International law and human rights scholar Molly Land joined the UConn faculty in 2013, when she accepted a joint appointment as a professor of law at the Law School and at UConn’s Human Rights Institute in Storrs.
Land has both expertise in human rights and background as an intellectual property litigator. Her scholarship focuses on the effect of new technologies on human rights fact-finding, advocacy, and enforcement, as well as the role of human rights norms and framing strategies in organizing around human rights issues.
Her current work explores the extent to which human rights law can provide a foundation for claims of access to the Internet, as well as the opportunities and challenges for using new technologies to achieve human rights objectives.
“Essentially I look at how we can engage in human rights advocacy through the lens of technology,” she says, “[and] how technology might help us investigate – and address – human rights abuses.”
Land was drawn to UConn by the University’s strengths in the field of human rights.
“I saw the posting … and thought it would be a great opportunity and the right next step for me,” says Land, a graduate of Yale Law School who was teaching at New York Law School when she learned of the opportunity at UConn. “While I was in a fabulous center [the Institute for Information Law and Policy at NYLS], the appointment at UConn is enabling me to really focus on the human rights angle, given that there is such a critical mass of faculty at both the Law School and the Human Rights Institute.”
Although Land has long been interested in social justice issues, her interest in addressing those issues through the law didn’t take shape until she was studying at the University of Bonn as a Fulbright Scholar.
“My Fulbright thesis was on the position of Turkish-German immigrants in Germany,” says Land. “When I was working on the paper, I found that the law made a huge difference in terms of whether people felt welcome in the country or not, often in small, surprising ways. … I was very interested in what the law said about citizenship, about belonging, and about our identity as part of a political community. My Fulbright experience really enhanced my interest in law school.”
Professor of Law Molly Land began her clerkship at the U.S. District Court for the Southern District of New York just one week after 9/11. “To see how the legal community pulled together was amazing,” recalls Land. “You had firms sharing space with those who had lost space. It was a tough time to be in New York, but it was also wonderful to see how people came together.”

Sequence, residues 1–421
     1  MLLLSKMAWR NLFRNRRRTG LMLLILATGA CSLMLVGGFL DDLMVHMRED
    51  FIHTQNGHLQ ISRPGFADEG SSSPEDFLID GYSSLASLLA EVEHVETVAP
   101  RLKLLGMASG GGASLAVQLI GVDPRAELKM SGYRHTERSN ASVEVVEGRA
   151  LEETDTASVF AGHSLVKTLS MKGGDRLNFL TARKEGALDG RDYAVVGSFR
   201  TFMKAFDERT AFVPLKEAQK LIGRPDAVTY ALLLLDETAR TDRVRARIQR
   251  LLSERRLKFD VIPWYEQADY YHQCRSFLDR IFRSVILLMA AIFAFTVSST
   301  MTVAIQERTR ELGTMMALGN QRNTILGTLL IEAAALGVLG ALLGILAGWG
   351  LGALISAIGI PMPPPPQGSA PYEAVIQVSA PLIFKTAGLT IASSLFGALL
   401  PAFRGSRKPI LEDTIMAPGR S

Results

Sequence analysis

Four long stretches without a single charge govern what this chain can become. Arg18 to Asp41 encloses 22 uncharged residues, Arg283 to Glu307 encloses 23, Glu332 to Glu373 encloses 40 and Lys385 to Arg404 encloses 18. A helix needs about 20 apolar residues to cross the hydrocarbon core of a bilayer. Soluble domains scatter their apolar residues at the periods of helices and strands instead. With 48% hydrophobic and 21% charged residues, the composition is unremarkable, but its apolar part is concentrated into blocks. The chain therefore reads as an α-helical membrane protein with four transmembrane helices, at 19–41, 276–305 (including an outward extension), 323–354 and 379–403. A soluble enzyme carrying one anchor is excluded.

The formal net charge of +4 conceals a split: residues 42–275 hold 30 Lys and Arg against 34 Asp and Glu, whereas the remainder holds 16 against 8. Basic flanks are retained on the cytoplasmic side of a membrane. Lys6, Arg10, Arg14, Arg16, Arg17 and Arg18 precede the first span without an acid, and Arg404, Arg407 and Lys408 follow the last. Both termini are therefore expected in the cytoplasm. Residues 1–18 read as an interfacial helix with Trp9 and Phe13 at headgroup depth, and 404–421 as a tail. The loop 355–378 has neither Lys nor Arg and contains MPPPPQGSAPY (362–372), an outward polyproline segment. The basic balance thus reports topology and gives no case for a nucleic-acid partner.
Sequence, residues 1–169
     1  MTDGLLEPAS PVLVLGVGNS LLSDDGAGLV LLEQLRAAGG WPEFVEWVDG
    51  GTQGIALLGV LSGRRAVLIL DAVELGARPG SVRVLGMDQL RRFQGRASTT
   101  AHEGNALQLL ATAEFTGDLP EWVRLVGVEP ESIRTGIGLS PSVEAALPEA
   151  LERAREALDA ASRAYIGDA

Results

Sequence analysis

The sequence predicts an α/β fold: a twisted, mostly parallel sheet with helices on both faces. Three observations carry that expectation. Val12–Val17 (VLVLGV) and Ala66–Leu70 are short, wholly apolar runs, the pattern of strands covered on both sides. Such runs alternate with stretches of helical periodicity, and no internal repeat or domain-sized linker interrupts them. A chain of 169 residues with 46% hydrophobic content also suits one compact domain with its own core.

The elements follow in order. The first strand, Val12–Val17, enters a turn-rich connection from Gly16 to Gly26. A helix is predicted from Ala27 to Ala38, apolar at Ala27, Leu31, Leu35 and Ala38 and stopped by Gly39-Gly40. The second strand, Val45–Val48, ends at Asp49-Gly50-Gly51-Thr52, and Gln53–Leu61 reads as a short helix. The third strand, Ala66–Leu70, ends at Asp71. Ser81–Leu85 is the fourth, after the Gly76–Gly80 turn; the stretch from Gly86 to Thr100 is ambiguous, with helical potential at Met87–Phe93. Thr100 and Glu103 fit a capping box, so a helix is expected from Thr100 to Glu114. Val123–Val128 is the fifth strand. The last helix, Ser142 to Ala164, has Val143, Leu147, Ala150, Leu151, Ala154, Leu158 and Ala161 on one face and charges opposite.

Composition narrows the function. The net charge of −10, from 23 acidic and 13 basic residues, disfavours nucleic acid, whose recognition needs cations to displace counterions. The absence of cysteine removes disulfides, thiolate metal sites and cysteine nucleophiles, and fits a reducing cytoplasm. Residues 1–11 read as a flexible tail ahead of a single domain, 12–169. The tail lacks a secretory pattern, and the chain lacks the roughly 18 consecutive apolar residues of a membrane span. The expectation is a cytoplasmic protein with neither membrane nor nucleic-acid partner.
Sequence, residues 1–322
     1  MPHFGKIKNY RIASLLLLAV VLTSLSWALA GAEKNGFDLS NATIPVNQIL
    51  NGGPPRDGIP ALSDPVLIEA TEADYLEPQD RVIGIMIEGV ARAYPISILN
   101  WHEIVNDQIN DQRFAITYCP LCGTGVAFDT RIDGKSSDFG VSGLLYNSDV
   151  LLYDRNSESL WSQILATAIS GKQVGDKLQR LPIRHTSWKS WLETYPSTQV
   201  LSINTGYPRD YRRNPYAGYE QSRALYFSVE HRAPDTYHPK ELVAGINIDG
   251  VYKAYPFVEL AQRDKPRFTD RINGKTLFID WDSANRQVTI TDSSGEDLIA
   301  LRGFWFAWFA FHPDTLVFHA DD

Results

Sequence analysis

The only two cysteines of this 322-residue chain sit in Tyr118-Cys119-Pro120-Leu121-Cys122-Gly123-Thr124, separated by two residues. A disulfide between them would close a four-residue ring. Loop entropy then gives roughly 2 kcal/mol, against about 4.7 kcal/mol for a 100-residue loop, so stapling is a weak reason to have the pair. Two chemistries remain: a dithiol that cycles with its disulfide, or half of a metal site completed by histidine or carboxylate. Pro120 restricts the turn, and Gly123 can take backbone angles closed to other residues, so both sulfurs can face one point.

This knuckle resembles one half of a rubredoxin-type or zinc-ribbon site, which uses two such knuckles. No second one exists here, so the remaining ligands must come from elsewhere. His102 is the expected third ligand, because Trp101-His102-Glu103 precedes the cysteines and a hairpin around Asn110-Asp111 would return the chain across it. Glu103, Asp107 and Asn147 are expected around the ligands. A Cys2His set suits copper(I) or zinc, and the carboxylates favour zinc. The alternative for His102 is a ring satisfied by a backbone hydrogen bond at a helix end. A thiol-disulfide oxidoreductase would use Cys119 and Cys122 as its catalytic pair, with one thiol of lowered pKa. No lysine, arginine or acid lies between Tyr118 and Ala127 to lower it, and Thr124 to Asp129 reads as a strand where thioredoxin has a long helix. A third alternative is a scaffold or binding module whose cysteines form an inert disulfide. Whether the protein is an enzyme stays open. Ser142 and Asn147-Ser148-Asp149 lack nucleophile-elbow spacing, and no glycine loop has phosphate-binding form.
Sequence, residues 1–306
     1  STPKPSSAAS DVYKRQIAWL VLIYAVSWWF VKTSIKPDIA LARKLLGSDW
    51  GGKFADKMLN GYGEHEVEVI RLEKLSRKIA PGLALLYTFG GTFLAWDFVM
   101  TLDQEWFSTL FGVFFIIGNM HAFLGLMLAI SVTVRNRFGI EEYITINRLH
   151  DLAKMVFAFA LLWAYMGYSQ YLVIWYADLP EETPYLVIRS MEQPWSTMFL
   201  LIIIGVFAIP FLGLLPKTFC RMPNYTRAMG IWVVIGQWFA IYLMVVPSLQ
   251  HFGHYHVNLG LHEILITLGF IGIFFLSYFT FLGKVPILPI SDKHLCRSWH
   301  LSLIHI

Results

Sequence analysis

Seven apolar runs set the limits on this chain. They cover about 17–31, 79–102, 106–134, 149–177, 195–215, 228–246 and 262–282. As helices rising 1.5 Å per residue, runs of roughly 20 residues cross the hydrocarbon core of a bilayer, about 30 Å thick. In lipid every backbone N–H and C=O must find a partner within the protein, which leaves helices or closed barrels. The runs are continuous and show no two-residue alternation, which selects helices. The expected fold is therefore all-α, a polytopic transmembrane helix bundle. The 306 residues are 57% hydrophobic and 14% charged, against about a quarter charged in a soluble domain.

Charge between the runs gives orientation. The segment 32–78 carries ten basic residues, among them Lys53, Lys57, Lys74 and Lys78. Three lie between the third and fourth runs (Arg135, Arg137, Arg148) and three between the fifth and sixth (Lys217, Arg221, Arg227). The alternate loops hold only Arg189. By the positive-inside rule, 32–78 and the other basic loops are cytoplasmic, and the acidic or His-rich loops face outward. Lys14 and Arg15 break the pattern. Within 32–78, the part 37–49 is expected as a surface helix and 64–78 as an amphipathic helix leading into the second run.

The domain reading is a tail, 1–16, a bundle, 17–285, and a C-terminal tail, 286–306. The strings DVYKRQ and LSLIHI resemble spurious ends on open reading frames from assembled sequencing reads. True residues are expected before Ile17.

Energized by a growing interest in the law, Land returned to the U.S. to pursue her JD at Yale, where she focused on international human rights, in large part through her work at the Allard K. Lowenstein International Human Rights Clinic.
“My involvement in the clinic was a transformative experience,” recalls Land, whose assignments included working with Human Rights Watch, as well as a stint in Ecuador researching strategies for litigating economic, social, and cultural rights. “I had always been a bit skeptical about doing human rights work, because it is so often perceived to be about places outside the United States. As a result of my experience at the Lowenstein Clinic, I was taken by the idea that there are these international norms that guarantee minimum living conditions for everyone, everywhere.”
After graduating from Yale, Land deferred her plans to pursue a career in the human rights field in order to clerk for Judge Denise Cote of the U.S. District Court in the Southern District of New York.
“It was one of the best jobs I’ll ever have, I think,” says Land, who is chairing the Clerkship Committee at the UConn Law School. “I not only was mentored by an incredibly accomplished person in the legal field, but I also got to see the court system from the inside. It was an amazing experience.”
Land says that doing human rights work was still very much on her mind during her yearlong clerkship. The next year, 2002-2003, she served as a Robert L. Bernstein Fellow in International Human Rights, a Yale Law School-funded fellowship that took her back to her home state of Minnesota, where she partnered with the Minnesota Advocates for Human Rights on a fact-finding project that looked at the state’s response to domestic violence against immigrant and refugee women.
When not teaching and enjoying a busy family life with her husband, Thomas, a software engineer, and their two young children, Nico and Emily, Molly Land enjoys running. She has competed in the New York Marathon and the Twin Cities Marathon, as well as in two half marathons. “I am more about finishing than running fast,” she says.
With a year of human rights work behind her, Land wanted to try her hand at practice, so she signed on as an associate at Faegre & Benson LLP in Minneapolis, where she represented clients in intellectual property disputes, including a case about chicken processing. After two years in practice, an opportunity to return to Yale as the Allard K. Lowenstein/Robert M. Cover Fellow in International Human Rights and as a visiting lecturer in law drew her back into the human rights arena and set her on a path to be a fulltime academic – a path that took her to New York Law School for six years and now to UConn.
Land is teaching Civil Procedure at the UConn Law School during the fall semester and International Human Rights at both the Law School and the Human Rights Institute in the spring.
“Working with students and advising them about career opportunities in human rights is the greatest job in the world,” she says.